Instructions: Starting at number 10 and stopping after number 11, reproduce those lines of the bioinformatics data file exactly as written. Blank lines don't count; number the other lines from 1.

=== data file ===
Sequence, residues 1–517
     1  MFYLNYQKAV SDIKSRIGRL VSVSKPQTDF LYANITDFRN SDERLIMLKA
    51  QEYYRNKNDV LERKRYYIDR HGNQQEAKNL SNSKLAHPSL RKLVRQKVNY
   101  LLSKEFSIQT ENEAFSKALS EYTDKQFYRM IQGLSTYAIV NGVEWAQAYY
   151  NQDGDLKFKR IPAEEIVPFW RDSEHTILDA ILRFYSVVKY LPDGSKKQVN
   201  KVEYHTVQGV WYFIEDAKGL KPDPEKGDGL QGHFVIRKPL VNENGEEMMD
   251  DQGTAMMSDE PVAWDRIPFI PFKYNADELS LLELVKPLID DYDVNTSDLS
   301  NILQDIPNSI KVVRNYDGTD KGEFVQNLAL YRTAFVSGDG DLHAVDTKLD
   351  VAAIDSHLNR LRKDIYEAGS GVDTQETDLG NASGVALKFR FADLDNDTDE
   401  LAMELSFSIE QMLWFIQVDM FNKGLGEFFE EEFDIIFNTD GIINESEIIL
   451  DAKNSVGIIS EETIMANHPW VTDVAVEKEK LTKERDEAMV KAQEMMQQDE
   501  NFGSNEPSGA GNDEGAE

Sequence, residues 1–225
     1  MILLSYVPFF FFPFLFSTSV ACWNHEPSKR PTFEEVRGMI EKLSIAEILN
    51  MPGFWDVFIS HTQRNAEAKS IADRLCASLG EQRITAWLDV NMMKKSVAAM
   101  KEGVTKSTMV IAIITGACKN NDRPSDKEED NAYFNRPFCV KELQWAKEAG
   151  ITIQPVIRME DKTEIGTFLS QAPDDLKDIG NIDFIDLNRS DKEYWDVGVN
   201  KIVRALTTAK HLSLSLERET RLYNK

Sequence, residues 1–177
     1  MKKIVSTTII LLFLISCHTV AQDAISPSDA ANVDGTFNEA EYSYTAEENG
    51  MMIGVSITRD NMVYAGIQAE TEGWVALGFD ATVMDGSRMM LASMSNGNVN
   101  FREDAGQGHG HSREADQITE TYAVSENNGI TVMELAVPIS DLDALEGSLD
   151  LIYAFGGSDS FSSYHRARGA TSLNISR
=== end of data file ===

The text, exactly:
   401  LAMELSFSIE QMLWFIQVDM FNKGLGEFFE EEFDIIFNTD GIINESEIIL
   451  DAKNSVGIIS EETIMANHPW VTDVAVEKEK LTKERDEAMV KAQEMMQQDE